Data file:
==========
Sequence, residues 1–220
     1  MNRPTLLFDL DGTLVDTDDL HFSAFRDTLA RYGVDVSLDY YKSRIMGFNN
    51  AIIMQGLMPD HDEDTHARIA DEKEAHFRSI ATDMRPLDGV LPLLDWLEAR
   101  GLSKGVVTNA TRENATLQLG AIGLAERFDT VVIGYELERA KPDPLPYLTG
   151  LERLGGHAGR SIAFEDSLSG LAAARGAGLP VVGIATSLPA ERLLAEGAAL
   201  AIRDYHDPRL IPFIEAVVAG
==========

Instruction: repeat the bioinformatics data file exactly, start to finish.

Sequence, residues 1–220
     1  MNRPTLLFDL DGTLVDTDDL HFSAFRDTLA RYGVDVSLDY YKSRIMGFNN
    51  AIIMQGLMPD HDEDTHARIA DEKEAHFRSI ATDMRPLDGV LPLLDWLEAR
   101  GLSKGVVTNA TRENATLQLG AIGLAERFDT VVIGYELERA KPDPLPYLTG
   151  LERLGGHAGR SIAFEDSLSG LAAARGAGLP VVGIATSLPA ERLLAEGAAL
   201  AIRDYHDPRL IPFIEAVVAG